Feel free to call Naomi Marshall directly on 9271 0011 should you have any questions – always there to help.

Naomi Marshall – Director
P: (02) 9271 0011
M: 0422 139 910

The Must Have Interview Preparation Checklist

Do you have an interview checklist? You can only be so prepared for an interview, especially when you are still working in your current job and you are interviewing for multiple roles. However, every candidate needs to do a little bit of preparation before every interview. It’s not only common sense, it will end up being what sets you apart from the competition!!

So with that in mind, and to keep it simple and easy, I wanted to share with you my Interview Preparation Checklist. These are the absolute MUST DO’s before you go into each and every interview (yes…even with us recruiters)!! You can of course do more than this but these are the basic ones that too often, I see candidates skipping some or all of and then losing out on a great opportunity.

Bookmark this page and come back to it before you go to your next interview!

Interview Preparation Checklist:

  1. Research the company
    Hello Google!! But also, ask around, get some insight from any contacts or friends who work there or have worked there. Ask your recruiter for their insight!
    HINT – Did you know that if you type in the name of a company and then under the Google search bar, click on “news”, the results will bring up all the latest news articles about said company. This is a great way to know what is currently going on in this organisation!
  1. Research your Interviewer
    LinkedIn makes this easy – but also take the same approach as above. Ask around, do some Googling. Know whom you are meeting with and what their background is. (It is even better if you can find some common ground or people you both know).
  1. Review your resume!
    I know, this sounds simple but look it over and make sure you know what you have included and left out!! The better you know your resume, the more confident you will be when talking about your experience and your career to date.
  1. Plan your Answers
    Crazy right, how can you predict what you will be asked? Most interviews include some behavioural based questions (click here to find out more). It is really important you have a list of examples you can give to these questions and don’t try to think them up on the spot.
    Have a handful of really good examples you can call on. Usually one example would suit a variety of questions, you just need to be prepared!
  1. Rehearse your examples out loud!
    Don;t worry about sounding silly! You need to practice articulating your answers and examples of your experience out loud. You don’t want to stumble on your responses (and it is an easy thing to do during an interview). Check out what Nyome had to say about this recently here.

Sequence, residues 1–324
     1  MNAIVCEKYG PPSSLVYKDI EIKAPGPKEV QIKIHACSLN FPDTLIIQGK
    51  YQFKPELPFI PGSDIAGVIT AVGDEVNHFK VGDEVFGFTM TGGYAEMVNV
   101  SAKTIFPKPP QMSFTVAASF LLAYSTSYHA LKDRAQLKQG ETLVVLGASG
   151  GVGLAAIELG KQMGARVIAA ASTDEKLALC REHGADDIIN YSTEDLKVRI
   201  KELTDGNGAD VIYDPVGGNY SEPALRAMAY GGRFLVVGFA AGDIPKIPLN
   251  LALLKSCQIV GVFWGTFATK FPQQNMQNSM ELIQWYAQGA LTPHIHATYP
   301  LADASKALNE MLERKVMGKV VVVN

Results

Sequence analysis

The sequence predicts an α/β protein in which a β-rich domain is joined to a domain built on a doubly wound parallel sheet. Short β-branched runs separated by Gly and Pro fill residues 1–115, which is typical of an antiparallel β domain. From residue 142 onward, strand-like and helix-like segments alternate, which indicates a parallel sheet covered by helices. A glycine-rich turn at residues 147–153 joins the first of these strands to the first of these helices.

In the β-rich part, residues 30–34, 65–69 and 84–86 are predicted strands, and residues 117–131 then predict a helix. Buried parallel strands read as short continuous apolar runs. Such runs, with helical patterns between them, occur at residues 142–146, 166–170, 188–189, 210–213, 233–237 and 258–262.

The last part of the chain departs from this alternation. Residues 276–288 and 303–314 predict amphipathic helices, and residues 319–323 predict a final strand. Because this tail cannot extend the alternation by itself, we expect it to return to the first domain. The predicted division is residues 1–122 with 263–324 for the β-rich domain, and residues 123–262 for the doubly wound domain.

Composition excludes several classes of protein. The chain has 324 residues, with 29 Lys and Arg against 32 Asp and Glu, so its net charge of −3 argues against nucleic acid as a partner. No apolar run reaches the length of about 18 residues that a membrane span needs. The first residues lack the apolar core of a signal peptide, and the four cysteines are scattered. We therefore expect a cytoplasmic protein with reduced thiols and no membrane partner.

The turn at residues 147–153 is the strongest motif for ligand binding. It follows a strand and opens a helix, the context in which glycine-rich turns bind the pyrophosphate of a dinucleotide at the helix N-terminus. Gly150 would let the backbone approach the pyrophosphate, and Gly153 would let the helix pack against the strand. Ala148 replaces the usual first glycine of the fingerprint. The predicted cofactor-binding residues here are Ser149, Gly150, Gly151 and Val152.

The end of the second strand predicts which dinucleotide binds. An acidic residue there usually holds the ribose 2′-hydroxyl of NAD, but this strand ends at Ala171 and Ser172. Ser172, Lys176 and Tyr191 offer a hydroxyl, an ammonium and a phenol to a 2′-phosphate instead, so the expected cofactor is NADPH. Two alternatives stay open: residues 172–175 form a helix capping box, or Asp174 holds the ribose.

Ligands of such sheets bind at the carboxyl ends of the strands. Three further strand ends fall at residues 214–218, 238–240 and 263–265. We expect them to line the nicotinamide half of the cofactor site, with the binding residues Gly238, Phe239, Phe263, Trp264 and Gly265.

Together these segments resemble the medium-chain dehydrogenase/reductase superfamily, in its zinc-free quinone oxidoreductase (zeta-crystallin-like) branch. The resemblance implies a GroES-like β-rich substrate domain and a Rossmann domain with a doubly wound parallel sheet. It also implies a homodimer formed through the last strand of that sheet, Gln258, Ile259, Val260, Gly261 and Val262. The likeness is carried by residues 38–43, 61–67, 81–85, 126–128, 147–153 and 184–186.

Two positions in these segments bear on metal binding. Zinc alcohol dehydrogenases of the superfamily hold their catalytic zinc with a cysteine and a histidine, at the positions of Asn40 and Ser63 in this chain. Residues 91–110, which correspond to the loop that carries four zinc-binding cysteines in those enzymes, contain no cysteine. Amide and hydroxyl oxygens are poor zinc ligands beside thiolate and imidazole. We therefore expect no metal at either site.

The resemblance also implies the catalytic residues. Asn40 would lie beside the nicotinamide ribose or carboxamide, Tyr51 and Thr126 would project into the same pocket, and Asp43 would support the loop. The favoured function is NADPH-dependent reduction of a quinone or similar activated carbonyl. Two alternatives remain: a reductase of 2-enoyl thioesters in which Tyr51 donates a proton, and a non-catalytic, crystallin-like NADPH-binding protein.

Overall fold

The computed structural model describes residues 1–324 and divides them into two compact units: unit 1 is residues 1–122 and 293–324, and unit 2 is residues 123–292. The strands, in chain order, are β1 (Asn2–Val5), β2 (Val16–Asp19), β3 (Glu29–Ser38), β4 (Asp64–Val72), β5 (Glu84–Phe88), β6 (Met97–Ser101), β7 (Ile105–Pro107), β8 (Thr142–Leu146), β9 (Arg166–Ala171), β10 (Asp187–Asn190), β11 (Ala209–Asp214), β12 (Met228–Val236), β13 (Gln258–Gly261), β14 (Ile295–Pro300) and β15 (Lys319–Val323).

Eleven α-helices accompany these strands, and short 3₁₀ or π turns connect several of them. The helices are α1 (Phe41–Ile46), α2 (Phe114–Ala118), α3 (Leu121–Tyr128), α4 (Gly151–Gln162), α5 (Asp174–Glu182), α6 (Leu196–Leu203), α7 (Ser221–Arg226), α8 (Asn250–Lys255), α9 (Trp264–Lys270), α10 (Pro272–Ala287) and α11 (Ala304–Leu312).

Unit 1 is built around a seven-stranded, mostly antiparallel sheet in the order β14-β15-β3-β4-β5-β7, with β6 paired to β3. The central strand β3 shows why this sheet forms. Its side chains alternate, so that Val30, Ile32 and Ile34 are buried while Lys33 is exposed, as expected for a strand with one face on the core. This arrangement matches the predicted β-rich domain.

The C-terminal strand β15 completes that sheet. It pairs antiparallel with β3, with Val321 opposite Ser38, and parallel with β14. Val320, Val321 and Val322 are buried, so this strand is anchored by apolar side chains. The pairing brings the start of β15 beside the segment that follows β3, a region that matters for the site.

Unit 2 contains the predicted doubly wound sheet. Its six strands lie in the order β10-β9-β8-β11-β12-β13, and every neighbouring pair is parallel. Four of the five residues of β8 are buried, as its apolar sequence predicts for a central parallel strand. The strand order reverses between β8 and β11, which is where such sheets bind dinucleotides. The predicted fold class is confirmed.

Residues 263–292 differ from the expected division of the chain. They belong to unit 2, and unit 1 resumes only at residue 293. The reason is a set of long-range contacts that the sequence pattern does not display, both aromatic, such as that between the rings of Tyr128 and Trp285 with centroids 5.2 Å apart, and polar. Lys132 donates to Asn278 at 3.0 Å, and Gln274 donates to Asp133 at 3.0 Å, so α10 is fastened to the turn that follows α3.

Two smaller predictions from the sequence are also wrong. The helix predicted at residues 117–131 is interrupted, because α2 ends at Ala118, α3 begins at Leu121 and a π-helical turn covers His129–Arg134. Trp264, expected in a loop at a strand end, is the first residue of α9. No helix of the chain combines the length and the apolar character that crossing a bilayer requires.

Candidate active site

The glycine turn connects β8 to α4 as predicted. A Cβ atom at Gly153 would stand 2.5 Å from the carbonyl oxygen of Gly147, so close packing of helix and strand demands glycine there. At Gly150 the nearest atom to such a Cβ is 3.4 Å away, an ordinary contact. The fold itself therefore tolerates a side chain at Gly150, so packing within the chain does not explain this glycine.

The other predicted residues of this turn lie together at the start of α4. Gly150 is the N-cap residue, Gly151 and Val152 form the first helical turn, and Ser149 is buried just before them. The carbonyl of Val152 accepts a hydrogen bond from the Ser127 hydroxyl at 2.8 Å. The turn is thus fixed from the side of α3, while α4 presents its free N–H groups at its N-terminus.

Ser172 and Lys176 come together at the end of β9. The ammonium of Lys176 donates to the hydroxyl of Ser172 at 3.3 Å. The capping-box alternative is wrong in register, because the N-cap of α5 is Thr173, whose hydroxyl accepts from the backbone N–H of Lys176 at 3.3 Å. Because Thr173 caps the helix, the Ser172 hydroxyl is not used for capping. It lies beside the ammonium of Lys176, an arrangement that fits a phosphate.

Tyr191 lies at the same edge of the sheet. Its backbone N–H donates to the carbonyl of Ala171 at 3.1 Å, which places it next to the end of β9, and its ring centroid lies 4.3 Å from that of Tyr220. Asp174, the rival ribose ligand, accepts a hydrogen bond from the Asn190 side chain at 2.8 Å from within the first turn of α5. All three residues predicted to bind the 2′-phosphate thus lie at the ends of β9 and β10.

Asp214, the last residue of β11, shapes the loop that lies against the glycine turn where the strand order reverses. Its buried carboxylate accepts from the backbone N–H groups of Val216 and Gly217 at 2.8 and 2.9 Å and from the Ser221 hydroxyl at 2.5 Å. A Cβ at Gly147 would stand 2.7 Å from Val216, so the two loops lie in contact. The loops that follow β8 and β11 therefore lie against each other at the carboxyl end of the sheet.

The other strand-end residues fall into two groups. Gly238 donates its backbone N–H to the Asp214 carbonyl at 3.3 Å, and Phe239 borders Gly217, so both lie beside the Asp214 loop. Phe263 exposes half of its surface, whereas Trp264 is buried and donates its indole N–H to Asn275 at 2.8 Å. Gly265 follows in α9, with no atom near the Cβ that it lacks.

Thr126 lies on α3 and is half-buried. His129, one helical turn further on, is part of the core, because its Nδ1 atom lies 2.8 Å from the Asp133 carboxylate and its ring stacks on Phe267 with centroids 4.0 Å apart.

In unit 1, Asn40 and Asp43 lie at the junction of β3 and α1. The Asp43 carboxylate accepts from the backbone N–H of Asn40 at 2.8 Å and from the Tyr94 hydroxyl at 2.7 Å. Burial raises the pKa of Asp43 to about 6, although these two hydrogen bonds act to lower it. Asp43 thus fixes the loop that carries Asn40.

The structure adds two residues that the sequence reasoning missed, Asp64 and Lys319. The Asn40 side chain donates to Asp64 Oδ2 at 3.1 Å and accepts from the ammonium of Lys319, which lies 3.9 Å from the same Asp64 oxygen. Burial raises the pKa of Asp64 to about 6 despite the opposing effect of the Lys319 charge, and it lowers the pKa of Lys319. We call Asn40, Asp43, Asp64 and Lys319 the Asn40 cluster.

1. Plan YOUR questions.
    Make sure you are prepared to ask the interviewer questions (more often than not, candidates forget this step). Asking questions is so important in an interview and it is an opportunity to demonstrate your enthusiasm for the role as well as the fact that you have researched the company.
  1. Have your outfit planned
    Make sure your shirts are ironed and clean. Suit up and dress to impress. It is always better to be overdressed for an interview than underdressed.
  1. Triple check the interview details
    You are human, mistakes can happen – trust me I’ve made many. Triple check you know what time your interview is, where you are going and how you are going to get there (on time)! Nothing worse than rocking up to your interview flustered because you got the time wrong or couldn’t find the address, etc.
  1. Tell yourself You ROCK!
    Be confident and believe in yourself. As recruiters, we believe in you, that is why we’ve sent you to our client or called you in to meet with us. Remind yourself of your skills and that you are a valuable team member.

Of course, there are other things you can do for an interview and there are sometimes homework “tasks” you are asked to do before specific interviews. But as a rule of thumb, the above checklist works! Being prepared and demonstrating this during your interview (and believe me, clients and recruiters know if you have prepared) really sets you a part from what most of your competition is doing. So take a little time, the day or night before an interview and go over this checklist.